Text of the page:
Exorcist warns teens against conjuring demon on TWITTER... Says spirits will harass those who play... 'Extraordinary activity on rise'...
Lima, Peru (CNA/EWTN News) -- A game that purports to invoke a Mexican demon – known as “Charlie, Charlie” and considered to be a simplified version of the Ouija board – has gone viral on social media among young people, prompting one exorcist to warn of its dangers.
The game, which has gained significant traction online in recent days, involves a pair of pencils or pens, a sheet of paper, and the invocation of a spirit named “Charlie.”
Scores of short video clips, posted mostly by teens, show players shrieking and running out of view when the pencil apparently moves on its own and points to a “yes” or a “no” after they say a phrase inviting the demon.
Spanish exorcist Jose Antonio Fortea told ACI Prensa that the so-called #CharlieCharlieChallenge involves the very real, occult practice of “calling on spirits.”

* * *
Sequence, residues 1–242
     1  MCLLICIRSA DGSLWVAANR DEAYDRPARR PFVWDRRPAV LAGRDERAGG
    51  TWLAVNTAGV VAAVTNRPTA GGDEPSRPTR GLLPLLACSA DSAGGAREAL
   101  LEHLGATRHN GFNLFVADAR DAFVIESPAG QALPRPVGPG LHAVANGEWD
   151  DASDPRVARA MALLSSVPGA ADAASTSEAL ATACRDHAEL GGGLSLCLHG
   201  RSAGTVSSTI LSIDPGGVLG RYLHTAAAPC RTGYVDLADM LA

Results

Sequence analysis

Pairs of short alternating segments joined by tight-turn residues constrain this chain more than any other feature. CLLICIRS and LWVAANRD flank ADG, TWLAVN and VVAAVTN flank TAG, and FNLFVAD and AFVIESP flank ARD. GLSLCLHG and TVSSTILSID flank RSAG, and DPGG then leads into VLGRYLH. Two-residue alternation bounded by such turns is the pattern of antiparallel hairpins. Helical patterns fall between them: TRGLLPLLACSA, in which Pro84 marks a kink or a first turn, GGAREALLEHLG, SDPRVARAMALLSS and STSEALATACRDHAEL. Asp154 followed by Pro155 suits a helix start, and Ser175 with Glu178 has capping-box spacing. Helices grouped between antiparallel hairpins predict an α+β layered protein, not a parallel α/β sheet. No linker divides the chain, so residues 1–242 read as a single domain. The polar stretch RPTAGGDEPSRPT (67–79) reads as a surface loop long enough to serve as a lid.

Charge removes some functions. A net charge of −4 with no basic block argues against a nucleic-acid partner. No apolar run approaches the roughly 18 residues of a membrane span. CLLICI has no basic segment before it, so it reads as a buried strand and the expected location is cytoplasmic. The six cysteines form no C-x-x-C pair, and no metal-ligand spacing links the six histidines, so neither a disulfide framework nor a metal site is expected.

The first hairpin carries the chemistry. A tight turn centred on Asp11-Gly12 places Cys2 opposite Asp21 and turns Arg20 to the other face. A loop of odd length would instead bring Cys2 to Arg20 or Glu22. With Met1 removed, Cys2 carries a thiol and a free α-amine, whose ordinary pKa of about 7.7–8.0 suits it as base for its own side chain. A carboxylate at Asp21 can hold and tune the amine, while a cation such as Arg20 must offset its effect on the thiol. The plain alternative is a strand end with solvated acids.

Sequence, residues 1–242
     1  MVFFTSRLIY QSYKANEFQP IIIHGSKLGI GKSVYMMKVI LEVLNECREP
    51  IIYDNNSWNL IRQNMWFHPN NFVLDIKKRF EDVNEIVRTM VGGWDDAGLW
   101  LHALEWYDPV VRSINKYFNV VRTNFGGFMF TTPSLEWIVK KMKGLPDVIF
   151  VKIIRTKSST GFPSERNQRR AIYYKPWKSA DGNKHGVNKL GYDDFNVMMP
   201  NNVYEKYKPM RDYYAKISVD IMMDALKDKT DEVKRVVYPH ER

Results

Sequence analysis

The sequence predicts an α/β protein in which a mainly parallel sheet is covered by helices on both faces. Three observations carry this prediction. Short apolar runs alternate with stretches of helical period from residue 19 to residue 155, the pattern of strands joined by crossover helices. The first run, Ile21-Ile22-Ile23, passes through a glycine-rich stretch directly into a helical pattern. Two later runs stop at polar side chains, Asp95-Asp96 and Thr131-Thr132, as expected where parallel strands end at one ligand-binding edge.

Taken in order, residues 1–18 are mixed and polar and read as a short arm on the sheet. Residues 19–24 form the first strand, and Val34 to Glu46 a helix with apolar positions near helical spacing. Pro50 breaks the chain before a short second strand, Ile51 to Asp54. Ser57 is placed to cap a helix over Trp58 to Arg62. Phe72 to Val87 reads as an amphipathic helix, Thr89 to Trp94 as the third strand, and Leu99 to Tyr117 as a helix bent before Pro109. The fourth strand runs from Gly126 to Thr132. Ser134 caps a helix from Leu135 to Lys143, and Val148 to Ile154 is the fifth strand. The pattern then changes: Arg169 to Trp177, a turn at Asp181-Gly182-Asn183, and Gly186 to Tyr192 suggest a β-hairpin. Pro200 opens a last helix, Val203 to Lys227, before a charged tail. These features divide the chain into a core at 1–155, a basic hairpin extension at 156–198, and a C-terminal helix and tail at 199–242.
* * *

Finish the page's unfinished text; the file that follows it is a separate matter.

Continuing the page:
In an interview May 27, he warned that “some spirits who are at the root of that practice will harass some of those who play the game.” Even though the priest thinks that players “won't be possessed” necessarily, the spirit that has been invoked “will stay around for a while.”
Fr. Fortea also warned that playing the game “will result in other spirits beginning to enter into even more frequent communication.”
“And so then the person really can suffer much worse consequences from the demons,” he said.
Catholic experts have noted that occult activity and the resulting need for exorcisms has reached a critical level worldwide.
The International Association of Exorcists (AIE) met for their 12th annual conference in Rome last October. According to AIE spokesperson Dr. Valter Cascioli, an increasing number of bishops and cardinals asked to participate in the conference due to an increase in demonic activity.
“It's becoming a pastoral emergency,” Cascioli told CNA. “At the moment the number of disturbances of extraordinary demonic activity is on the rise.”
The rise in demonic activity can be attributed to a decreasing faith among individuals, coupled with an increase in curiosity and participation in occult activity such as Ouija boards and seances, Cascioli said.